(Directed by Luis Buñuel) (1972)
As a card-carrying petit bourgeois, wishing in vain to join the haute bourgeoisie, I write in fearful admiration of this film and of the sublime, formless way in which it communicates its comedy of terrors. For whom amongst our class does not relish that arcane and secret ceremony known as the luncheon or dinner party? What a delight – to dress, eat, drink, prattle before friends and show-off…so many comforting displays of mouths and hands…there is no more delightfully bourgeois ritual than that!
Now to apply the black smudges to our painted drawing-room comedy: the six fashionable friends and dining companions never get to savour their meals. They forage here, they forage there; just when all is ready, the cutlery polished, the crockery gleaming…the glassware scintillates, the napery eased over reassuringly heavy furniture – all of a sudden, the surreal intrudes, a perverse paralysis descends and the soirée dissipates, diminishes, vanishes! in a myriad ways.
Buñuel offends The Varnished Culture‘s filament-like sensitivity, by imposing increasingly grotesque and arbitrary encroachments on the humble attempts at civilised nutrition on the part of the Ambassador of Miranda (Fernando Rey), his Parisian friends, M Sénéchal (Jean-Pierre Cassel), Mme Sénéchal (Stéphane Audran), the Thevenots (Paul Frankeur and Delphine Seyrig) and Mrs. Thevenot’s lush of a sister, Florence (Bulle Ogier ).
Quelle horreur! All symmetrical charm is torn asunder: Either the hosts have diarised the affair wrongly, or the nearby restaurant has the owner lying in state, in the prominently placed open casket, or all settle to table when up goes a curtain and the diners find themselves appraised by a theatre crowd (“I don’t know my lines” blurts M Sénéchal, sotto voce, breaking out in a flop sweat). Or else the gendarmes haul them off to gaol. Episodes seem to be dreamed by dinner patrons whose dreams are then dreamed by their fellows: it’s like an emulsion of Groundhog Day and the 9th season of Dallas. The Sénéchal’s young maid claims to be aged 52. Passing planes drown out key dialogue. Absurdity piles upon absurdity to hilarious effect.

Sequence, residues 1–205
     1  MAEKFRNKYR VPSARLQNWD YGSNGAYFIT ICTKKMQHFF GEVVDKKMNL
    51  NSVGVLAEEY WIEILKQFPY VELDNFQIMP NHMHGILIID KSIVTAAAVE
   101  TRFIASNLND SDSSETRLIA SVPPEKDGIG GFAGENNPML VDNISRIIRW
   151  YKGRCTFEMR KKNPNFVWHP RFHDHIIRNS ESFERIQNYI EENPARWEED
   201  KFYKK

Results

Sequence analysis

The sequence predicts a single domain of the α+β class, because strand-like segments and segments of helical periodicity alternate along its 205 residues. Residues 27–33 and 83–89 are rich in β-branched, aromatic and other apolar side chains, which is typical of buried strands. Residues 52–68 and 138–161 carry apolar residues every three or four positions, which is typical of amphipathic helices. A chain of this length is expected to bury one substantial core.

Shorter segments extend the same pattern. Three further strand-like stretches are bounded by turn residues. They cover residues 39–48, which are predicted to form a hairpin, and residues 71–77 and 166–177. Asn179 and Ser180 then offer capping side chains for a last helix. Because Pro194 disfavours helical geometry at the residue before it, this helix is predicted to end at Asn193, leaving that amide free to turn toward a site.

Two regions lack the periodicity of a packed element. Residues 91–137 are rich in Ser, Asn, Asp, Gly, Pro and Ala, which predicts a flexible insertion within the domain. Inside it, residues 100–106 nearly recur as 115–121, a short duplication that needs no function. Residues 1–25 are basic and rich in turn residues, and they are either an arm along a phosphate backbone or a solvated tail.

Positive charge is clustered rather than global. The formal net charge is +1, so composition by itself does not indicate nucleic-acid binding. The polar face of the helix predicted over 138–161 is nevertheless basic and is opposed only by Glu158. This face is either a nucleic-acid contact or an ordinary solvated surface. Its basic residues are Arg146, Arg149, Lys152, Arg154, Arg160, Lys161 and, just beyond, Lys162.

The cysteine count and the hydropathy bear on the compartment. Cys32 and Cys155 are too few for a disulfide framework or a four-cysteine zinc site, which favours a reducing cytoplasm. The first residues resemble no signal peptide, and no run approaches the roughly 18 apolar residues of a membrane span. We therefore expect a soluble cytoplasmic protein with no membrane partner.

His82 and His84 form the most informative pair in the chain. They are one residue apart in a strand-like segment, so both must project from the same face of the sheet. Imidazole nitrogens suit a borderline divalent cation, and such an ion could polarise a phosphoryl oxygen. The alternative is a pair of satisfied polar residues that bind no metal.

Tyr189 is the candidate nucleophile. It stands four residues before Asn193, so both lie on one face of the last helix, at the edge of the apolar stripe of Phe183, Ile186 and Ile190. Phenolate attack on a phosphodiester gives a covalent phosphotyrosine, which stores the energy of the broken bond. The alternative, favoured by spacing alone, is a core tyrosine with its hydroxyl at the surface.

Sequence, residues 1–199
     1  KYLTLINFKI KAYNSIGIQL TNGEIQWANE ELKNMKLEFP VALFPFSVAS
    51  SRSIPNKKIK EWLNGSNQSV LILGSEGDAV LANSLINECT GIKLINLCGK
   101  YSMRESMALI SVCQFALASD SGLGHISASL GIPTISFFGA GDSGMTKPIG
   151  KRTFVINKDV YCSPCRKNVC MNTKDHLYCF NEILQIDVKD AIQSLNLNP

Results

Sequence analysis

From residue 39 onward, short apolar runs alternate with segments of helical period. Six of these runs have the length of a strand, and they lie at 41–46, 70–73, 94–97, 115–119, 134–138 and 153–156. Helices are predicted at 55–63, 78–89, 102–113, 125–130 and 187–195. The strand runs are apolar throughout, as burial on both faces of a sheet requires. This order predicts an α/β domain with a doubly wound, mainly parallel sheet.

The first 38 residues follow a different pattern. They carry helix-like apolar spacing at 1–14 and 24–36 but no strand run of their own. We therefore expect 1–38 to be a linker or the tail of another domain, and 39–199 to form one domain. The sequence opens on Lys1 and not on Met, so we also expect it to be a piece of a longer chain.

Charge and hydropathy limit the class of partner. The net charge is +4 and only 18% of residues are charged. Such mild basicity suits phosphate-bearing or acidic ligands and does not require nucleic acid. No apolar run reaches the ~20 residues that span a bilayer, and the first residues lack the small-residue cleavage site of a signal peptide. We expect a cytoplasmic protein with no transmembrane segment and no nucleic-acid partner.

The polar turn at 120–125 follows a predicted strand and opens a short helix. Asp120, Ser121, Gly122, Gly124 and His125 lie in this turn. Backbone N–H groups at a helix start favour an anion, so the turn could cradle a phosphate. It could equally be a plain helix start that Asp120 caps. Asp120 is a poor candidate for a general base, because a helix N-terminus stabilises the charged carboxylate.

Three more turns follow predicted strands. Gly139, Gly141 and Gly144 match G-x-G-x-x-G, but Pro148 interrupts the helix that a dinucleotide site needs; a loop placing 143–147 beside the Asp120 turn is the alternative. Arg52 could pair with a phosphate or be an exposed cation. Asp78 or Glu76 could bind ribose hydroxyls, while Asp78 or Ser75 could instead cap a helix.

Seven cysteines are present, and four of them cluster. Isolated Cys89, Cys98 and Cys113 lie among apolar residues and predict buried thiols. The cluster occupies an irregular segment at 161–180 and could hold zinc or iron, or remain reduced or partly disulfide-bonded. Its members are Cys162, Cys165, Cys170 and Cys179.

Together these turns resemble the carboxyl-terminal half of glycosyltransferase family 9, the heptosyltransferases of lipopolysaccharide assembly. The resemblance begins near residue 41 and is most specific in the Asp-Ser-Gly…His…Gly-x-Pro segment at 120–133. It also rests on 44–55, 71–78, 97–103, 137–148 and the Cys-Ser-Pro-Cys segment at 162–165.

The skull beneath the skin, the beast beneath the barnacles, are gloriously, crazily revealed here. Animal drives and desires break from cover once the genteel veneer is stripped away. The Ambassador is insouciantly dealing in cocaine and staving off terrorist attacks. The chauffeur is called in to skol a martini and the group complacently reflect that you cannot inculcate refinement in the masses. A priest/gardener/killer is welcomed once he dons his outwardly refined garb – the hosts slip out the back and copulate in the bushes, whilst our intrepid bunch fidget vainly at the dining table. The ‘cavalry’, on manoeuvres, puff away on their joints, and at a cocktail reception, they all mount a joint verbal attack on Miranda’s parlous democracy (it seems loosely based on Bolivia or Paraguay), ganging-up mercilessly on the Ambassador. “I didn’t know that chivalry still existed in your semi-savage country.”
The ultimate hypocrisy appears, ultimately; gangsters, or terrorists, open fire on assembled dinner guests. Buñuel’s violence is not violent so much as abrupt. This capriciousness is what evokes emotion in the viewer. So assured are the director’s cynical approach and the wonderful matter-of-fact performances by the leads, that after toying with a repeat viewing over soupe à l’oseille à la crème, oie farcie aux marrons and a bottle of claret, The Varnished Culture decided that this film is a hugely enjoyable counter-comedy of the highest order. Our bourgeois sensibilities aside.